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The Almighty Buck

Publishers Detail Specific In-Game Ad Plans For Future Games 104

MTV's Multiplayer Blog recaps a recent event held by Massive Inc., a subsidiary of Microsoft, during which game publishers put forth specific ideas on what types of in-game advertising players will and won't be seeing in the near future. The examples varied in how interactive and intrusive they were, from name-brand bottled water power-ups to destructible virtual billboards to taking advantage of sports game locker rooms for product placement. They did claim they would restrain themselves from blatant advertisements that would ruin immersion in fantasy games. Blizzard partnered with Massive to bring ads to Battle.net, but don't expect to see ads in the associated games.

Comment Re:People scoffed at my contention... (Score 1) 905

Except that he's correct. More people do get paid to develop software that fits the definition of Free Software. I believe that's always been the case.

Every person who works in the IT shop of some company churning out custom solutions for that company is working on Free Software.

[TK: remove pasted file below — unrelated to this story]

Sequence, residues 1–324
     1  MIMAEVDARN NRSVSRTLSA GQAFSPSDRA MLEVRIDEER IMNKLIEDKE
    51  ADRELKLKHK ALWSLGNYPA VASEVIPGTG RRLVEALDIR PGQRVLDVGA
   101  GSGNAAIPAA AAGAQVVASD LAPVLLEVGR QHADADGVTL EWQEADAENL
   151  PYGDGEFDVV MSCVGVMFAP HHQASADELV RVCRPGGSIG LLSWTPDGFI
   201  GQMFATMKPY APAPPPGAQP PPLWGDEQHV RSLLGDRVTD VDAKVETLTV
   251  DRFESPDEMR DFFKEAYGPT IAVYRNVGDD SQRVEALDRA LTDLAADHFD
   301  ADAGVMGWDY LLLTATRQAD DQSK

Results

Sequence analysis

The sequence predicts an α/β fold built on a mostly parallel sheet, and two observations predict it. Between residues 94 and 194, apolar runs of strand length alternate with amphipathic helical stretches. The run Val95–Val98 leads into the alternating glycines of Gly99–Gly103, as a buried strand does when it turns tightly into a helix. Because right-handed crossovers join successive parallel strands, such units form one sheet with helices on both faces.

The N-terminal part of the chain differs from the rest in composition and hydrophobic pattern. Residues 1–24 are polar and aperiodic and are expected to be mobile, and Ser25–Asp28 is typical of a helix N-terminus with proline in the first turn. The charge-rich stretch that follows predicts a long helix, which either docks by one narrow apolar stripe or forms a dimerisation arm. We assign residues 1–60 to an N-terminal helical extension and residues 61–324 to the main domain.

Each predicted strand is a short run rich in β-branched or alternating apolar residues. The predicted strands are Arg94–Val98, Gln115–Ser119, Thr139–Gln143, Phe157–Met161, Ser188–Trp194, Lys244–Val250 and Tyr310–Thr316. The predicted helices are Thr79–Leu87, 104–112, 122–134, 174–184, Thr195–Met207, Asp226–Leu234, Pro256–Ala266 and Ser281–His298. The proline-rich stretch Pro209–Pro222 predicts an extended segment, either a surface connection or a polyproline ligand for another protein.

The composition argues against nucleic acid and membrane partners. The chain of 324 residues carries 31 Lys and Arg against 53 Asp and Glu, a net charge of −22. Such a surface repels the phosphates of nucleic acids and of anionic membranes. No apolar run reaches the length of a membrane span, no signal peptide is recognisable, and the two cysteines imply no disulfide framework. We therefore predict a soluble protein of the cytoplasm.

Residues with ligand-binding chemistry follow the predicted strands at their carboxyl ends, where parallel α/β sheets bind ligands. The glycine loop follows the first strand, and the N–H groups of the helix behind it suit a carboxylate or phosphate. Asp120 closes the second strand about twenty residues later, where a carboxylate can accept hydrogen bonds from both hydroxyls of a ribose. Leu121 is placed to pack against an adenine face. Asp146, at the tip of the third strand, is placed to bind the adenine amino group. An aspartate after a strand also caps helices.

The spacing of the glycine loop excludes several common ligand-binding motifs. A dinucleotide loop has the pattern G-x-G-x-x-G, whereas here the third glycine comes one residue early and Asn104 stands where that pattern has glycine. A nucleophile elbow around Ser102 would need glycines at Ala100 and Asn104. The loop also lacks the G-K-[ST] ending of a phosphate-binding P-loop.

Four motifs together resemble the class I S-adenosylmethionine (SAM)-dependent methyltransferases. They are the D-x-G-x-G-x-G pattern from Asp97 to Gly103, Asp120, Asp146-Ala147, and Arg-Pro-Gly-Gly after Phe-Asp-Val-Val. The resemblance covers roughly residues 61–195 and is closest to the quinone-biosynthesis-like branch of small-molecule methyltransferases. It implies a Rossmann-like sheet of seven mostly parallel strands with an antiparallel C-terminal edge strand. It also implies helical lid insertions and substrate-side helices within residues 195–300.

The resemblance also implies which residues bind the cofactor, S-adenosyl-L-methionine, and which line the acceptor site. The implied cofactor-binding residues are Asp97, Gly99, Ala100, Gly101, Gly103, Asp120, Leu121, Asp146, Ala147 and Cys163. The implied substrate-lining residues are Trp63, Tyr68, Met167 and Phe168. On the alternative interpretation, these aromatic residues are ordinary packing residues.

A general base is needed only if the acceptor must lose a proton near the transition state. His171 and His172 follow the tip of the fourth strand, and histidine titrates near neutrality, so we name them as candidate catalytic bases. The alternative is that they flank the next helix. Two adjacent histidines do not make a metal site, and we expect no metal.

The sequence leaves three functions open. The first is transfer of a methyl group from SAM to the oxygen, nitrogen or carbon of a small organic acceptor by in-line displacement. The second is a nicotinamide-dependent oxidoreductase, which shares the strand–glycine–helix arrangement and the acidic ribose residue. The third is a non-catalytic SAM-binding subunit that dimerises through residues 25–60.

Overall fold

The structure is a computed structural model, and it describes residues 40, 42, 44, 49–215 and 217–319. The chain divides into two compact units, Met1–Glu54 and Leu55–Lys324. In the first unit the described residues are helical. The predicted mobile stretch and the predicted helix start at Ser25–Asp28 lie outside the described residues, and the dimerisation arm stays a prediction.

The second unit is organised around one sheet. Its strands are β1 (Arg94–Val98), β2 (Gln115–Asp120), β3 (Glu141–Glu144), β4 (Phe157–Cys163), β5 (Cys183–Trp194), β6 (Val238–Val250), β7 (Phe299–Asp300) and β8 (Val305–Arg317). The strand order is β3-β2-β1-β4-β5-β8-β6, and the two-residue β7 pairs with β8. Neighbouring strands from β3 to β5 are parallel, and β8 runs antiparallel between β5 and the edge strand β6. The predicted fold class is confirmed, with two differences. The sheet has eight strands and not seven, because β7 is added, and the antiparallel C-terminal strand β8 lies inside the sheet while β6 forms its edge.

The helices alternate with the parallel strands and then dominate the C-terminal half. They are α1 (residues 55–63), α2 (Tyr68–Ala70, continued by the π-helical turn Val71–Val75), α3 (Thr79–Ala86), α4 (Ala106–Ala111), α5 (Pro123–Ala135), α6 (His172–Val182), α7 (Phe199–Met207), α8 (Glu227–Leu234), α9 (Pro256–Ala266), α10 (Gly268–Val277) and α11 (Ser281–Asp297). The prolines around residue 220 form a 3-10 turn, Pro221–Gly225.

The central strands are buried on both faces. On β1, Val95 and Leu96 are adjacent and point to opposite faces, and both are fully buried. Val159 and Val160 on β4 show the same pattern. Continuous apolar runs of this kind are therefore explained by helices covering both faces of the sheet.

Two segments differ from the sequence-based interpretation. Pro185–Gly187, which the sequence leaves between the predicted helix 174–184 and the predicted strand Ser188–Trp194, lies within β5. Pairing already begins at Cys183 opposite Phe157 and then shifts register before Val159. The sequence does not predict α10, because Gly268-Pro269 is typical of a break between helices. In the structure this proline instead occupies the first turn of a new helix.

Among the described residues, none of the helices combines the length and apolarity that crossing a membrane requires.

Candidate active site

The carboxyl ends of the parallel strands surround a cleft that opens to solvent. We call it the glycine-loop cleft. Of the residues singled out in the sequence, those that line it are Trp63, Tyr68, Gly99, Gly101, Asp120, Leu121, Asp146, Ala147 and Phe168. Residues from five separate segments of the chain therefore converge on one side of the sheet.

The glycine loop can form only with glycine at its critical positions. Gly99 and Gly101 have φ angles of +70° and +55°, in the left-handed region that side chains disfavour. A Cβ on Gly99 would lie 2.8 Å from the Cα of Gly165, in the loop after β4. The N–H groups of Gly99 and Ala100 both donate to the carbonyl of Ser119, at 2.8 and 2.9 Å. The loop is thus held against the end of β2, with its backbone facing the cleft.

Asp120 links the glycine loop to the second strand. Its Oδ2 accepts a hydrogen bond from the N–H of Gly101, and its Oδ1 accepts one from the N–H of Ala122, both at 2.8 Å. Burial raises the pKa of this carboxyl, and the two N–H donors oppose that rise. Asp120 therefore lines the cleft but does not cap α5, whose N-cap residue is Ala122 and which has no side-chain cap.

wtf!
Can you give any facts that support this claim?

Comment Re:Non fighting, non loot games... (Score 1) 329

I disagree - and so would market figures. The average age of gamers is rising every year, and now that there are proportionately less youngsters playing games so there is less need for gamers to use games to vent their unconscious rage against their sense of powerlessneness.

I don't dispute that gamers are getting older. I'll be 40 in a couple of weeks. But I do think you are talking out of your a** when you claim older gamers have less need of killing sprites to let off some steam than younger people.
It's not like we have less things to be frustrated about (kids (my own), mortage, pension, prostate, hair loss, kids (on lawn), PHB, dog with fleas, price of gas....)

It's funny.  Laugh.

Lame Duck Challenge Ends With Free Codeweavers Software For All 433